In the fall of 1959, for a time capsule, students draw pictures of life as they imagine it will be in 50 years. Lucinda, an odd child who hears voices, swiftly writes a long string of numbers. In 2009, the capsule is opened; student Caleb Koestler gets Lucinda's "drawing" and his father John, an astrophysicist and grieving widower, takes a look. He discovers dates of disasters over the past 50 years with the number who died. Three dates remain, all coming soon. He investigates, learns of Lucinda, and looks for her family. He fears for his son, who's started to hear voices and who is visited by a silent stranger who shows him a vision of fire and destruction. What's going on?Written by
The piece of classical music we hear at the start and again at the very end of the film is Ludwig van Beethoven's "7th Symphony Major, 2nd Movement - Allegretto in A Minor". Completed in 1812 and dedicated to his friend Count Moritz von Fries, the work premiered in Vienna at a charity concert for soldiers wounded in the Battle of Hanau and was encored. See more »
A New York City subway operator is seen wearing an MTA logo on his uniform, of a kind discarded since 1994. See more »
Alex Proyas's doomsday piece boasts a chock full of interesting concepts and sleek special effects to make up its fundamentally flawed climax
This science-fiction thrill piece starring Nicolas Cage in the protagonist role is a film blooming with brainy concepts on science and religion, while hanging over apocalyptic themes that pay reminiscence of other end-of-the-world flicks like 'Left Behind'. After all, the key figure in the story is revolves around what appears be a biblical prophecy, although the spiritial theme only serves as a small undertone here rather than driving the storyline. Director Alex Proyas, the father of projects such as 'Dark City' and 'I, Robot', exhibits his grandeur of visual stimulating style that manages to triumph over its compelling, if somewhat flawed plot. Proyas is successful at making the thought-provoking ideas work, even if they are occasionally little rocky. The only major flaw is lies in the final act that borders on the line of preposterous. It is not a groundbreaking piece of work for the genre, but it is just enough to warrant for a sweet recommendation. This film opens up in 1959, at an elementary school where children are given the assignment to draw pictures of what society will like fifty years from that time. One girl, Lucinda Embrey (played by Lara Robinson), draws a long series of seemingly random numbers and places the paper in the school's time capsule. Flash forward to fifty years later, a nine-year old Caleb Koestler (played by Chandler Canterbury) and his class open up the time capsule, and Lucinda's paper is found in his hands. When he shows the paper to his widowed father John (played by Nicolas Cage), an astrophysics professor at Massachutes Institute of Technology, John believes the numbers are enigmatic codes to disasters occurring around the globe. Enlisting the help of Lucinda's daughter Diana (played by Rose Byrne) and granddaughter Abby (also played by Lara Robinson), John must encrypt the message of what seems to be a sign of a global catastrophic event.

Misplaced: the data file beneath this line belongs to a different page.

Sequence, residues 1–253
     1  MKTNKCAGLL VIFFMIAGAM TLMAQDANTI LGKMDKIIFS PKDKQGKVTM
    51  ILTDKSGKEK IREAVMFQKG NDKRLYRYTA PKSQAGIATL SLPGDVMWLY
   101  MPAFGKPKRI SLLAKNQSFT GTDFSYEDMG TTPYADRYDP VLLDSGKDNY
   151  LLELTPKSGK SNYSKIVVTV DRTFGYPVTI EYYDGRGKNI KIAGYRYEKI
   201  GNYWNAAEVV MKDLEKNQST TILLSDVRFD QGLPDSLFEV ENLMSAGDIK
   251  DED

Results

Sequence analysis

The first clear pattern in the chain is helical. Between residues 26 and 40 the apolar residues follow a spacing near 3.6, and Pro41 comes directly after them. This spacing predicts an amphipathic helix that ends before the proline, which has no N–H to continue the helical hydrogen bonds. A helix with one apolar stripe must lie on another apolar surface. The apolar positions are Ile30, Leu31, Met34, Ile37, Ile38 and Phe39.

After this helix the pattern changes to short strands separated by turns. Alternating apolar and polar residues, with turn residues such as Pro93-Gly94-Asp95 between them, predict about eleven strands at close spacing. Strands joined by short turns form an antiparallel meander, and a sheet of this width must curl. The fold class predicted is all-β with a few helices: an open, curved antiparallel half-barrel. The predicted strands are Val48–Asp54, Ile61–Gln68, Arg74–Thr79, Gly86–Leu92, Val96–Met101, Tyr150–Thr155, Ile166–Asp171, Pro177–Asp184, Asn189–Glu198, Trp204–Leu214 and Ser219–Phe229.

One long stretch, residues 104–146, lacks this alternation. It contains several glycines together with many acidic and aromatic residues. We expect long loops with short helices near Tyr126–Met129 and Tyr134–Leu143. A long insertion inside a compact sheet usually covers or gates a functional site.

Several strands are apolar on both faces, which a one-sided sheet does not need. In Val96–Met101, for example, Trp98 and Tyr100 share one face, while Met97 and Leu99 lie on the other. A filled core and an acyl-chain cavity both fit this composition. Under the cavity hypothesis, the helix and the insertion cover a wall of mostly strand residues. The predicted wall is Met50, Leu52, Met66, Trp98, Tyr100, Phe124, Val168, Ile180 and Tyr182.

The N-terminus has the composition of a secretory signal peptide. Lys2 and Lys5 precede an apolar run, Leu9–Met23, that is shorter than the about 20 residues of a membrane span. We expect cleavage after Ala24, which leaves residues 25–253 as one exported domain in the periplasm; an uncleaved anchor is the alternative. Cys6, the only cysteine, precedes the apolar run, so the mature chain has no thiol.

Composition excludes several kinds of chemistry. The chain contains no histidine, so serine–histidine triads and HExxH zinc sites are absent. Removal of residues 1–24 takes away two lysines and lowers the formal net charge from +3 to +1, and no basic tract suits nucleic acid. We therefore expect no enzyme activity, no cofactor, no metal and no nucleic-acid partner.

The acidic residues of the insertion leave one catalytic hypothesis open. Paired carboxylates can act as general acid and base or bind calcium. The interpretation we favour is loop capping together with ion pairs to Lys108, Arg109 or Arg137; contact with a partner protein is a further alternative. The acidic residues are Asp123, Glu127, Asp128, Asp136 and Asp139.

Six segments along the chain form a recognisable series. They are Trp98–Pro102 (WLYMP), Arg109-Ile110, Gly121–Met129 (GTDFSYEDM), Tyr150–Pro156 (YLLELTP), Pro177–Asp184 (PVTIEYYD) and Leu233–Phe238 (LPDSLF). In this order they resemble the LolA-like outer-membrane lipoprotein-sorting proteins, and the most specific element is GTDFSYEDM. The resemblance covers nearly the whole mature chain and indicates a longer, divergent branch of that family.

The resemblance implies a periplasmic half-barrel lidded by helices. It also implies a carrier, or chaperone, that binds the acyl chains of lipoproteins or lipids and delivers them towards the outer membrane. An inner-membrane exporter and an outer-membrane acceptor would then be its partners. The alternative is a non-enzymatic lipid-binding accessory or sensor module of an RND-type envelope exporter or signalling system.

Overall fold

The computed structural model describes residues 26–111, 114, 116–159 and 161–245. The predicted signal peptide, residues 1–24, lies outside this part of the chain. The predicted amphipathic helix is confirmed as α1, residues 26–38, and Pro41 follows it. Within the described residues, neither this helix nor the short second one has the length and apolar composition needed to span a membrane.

Some may question whether Alex Proyas is trying to deliver a cautionary tale about an apocalyptic prophecy or is pinning viewers with complex ideas of science and religious theology. Both are more than likely doubtful, especially when the plot shows little respect for the laws of science to begin with. Nonetheless, it keeps things deeply eerie and grim in terms of storytelling and tone, almost bordering the line of a psychological horror thriller. Caleb and Abby are children who are haunted by mysterious entities, resembling the alien creatures from 'Dark City', who introduce them to terrifying visions of the world facing mass destruction, an eerie, yet shocking concept that is placed with sweet visual spark in one scene where the former looks out his window and sees the forest engulfed in flames. The main protagonist in the story however, is John Koestler who is infused with a performance by Nicolas Cage that can only be described as acceptable, but not bad. When Koestler learns of the terrifying secrets behind Lucinda's prophetic message, that is when the story kicks into gear, allowing Proyas to experiment with his engaging concepts. His attempts at breathing life into his ideas are mostly successful and set room for some visually electrifying sequences such as devastating plane crash that leaves several victims flailing in flames and a subway crash that racks up an enormous death toll. However, the third act, which is predictable and sets up with heavy emotional sigma, is a little absurd; especially if how unrealistic the characters behave to such an unnerving situation that is on the horizon. Shouldn't they be more terrified? On the bright side, the audience is blessed with a riveting score by Marco Beltrami to settle the tone.
Knowing is a compelling doomsday-themed piece with a chock of interesting ideas of science and religion put into play, and a surprisingly enthralling execution by Alex Proyas who brings his powerful visual grandeur to the game. It is a flawed picture with an execution may have a few scars, but not enough to make it a sore to sit through. Don't expect it to be anything revolutionary.
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